STATS ARTICLES 2009
Should health care reform include payment for intercessory prayer?
Rebecca Goldin Ph.D, December 2, 2009
A provision to allow payment for the healing power of third party prayers has been dropped for now - but it's worth going where journalists feared to tread and ask, what's the scientific evidence for prayer?
The merged health care reform bill (Patient Protection and Affordable Care Act), now being considered by the Senate, has dispensed with a controversial provision to pay for “religious or spiritual health care,” a move hailed by many concerned about the separation of church and state. Many news organizations noted the possible constitutional issues with a law that mandates that health insurance cover faith-healing expenses as if they were valid medical costs. Some mentioned the possible child abuse that comes from those who chose prayer over standard medical care for their kids. But few, if any, journalists tackled the fundamental scientific problem with the provision: Is there any evidence that intercessory prayer works?
This is perplexing to say the least: Evidence-based medicine has routinely dismissed the benefit of paid third-party prayer; and yet, the media treated the issue as if it were simply a matter of what would pass muster with the Supreme Court.
The spiritual healing provision was, as the Los Angeles Times reported, originally “inserted by Sen. Orrin G. Hatch (R-Utah) with the support of Democratic Sens. John F. Kerry and the late Edward M. Kennedy, both of Massachusetts, home to the headquarters of the Church of Christ, Scientist.”
The LA Times quoted Dr. Norman Fost, a pediatrician and medical ethicist at the University of Wisconsin, calling prayer “unproven.” But in classic he said/she said reporting, the paper also quoted Phil Davis, a Christian Scientist healer saying that “spiritual treatment... could be the most important solution to healthcare in this country.” Science and belief were treated as if they were identical. The Washington Post touched on the question without providing much in the way of detail, stating only that “Some research has shown a link between prayer and improved health; other studies have not.” So intercessary prayer could be scientifically proven or it could not be scientifically proven - you, the reader, choose. But if you have no idea about what the studies found and how they were carried out, what rational grounds are there for making a choice except your pre-existing beliefs?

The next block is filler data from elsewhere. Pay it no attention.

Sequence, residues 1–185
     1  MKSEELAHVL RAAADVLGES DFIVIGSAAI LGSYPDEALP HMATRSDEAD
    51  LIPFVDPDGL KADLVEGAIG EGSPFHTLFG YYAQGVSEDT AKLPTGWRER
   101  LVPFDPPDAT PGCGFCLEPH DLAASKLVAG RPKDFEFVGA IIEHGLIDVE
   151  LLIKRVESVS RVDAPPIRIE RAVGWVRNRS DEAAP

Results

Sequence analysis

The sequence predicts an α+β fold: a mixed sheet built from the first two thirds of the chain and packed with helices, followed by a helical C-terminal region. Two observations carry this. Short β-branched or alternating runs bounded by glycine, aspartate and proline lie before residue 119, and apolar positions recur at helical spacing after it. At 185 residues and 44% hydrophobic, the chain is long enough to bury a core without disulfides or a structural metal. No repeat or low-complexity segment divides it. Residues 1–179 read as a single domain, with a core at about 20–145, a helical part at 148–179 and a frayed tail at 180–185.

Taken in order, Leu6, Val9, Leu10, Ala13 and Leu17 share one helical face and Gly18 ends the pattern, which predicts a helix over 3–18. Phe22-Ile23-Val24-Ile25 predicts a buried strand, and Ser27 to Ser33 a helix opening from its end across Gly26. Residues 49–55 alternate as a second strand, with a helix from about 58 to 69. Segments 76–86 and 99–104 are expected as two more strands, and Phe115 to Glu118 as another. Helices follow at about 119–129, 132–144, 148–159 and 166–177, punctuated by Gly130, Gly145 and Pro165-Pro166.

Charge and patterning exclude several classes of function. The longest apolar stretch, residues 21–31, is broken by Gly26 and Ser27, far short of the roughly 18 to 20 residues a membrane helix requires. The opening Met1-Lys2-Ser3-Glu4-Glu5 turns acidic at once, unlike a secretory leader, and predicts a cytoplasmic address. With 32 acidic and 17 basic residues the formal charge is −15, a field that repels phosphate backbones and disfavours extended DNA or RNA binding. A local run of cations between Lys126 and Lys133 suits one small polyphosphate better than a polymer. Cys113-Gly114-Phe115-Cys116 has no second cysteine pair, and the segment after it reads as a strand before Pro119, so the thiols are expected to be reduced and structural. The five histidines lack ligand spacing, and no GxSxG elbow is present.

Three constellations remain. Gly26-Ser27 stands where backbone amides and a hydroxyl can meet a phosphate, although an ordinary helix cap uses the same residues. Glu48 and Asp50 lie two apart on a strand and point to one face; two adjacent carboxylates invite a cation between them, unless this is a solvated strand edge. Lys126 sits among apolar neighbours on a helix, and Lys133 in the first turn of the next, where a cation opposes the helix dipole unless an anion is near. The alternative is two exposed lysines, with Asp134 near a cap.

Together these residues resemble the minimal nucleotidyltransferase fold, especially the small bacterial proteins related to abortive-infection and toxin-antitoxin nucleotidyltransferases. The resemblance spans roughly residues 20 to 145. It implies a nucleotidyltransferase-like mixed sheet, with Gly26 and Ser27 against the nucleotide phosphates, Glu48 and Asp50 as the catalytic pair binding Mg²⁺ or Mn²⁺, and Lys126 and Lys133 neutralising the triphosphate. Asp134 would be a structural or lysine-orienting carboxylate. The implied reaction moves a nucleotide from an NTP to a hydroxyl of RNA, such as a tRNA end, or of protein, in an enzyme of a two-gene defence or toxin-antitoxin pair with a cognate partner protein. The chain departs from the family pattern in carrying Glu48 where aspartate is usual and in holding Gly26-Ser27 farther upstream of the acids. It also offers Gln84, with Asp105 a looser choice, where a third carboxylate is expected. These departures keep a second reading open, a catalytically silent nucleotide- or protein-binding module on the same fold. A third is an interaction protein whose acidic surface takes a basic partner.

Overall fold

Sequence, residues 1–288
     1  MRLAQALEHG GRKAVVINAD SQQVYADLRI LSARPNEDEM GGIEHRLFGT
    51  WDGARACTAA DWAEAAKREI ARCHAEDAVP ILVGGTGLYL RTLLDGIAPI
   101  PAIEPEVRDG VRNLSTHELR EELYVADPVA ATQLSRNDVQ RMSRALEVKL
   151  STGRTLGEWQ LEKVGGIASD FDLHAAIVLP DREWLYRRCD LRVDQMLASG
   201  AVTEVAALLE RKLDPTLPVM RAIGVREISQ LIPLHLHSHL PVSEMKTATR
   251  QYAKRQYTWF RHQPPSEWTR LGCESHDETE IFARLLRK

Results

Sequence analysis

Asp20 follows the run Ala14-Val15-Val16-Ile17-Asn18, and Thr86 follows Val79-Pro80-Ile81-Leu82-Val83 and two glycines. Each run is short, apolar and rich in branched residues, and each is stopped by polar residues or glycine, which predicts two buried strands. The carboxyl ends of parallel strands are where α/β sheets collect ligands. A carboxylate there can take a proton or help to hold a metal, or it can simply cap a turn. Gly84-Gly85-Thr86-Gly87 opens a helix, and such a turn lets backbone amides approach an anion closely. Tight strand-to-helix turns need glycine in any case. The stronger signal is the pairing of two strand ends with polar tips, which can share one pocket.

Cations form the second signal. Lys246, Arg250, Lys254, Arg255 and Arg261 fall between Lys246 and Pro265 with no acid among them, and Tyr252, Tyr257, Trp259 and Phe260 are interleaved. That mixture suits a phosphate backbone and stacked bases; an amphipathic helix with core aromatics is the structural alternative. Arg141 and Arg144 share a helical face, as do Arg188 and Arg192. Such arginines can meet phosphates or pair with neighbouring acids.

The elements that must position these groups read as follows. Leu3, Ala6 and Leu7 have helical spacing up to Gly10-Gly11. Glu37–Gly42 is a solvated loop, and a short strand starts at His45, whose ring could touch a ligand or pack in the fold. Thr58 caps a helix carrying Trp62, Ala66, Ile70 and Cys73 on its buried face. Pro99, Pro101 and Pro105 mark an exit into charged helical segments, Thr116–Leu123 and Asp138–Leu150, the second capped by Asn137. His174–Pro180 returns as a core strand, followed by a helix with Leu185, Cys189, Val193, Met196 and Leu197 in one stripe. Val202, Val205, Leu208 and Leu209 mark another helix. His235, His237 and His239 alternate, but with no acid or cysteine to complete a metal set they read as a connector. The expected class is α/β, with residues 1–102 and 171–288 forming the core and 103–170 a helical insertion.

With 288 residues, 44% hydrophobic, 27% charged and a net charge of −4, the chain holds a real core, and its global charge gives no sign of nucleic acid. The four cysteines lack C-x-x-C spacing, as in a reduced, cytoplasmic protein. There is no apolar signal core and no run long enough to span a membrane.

There is little doubt that health and religion are intertwined: religion can call for dietary restrictions (such as vegetarianism or a restricted diet), or fasting (for some religions, fasting is for short periods and allows water, for others it’s for longer periods and excludes water). Religious beliefs have an impact on a patient’s likelihood to pursue medical treatment, and as well as their emotional state in handling difficult health situations. Even some of our medical decisions -- such as circumcision, fertility treatment, abortion, organ donation -- are religiously motivated. Many people find great strength in prayer, and through this strength they feel better. And feeling personally/spiritually well may have an impact on our physical health.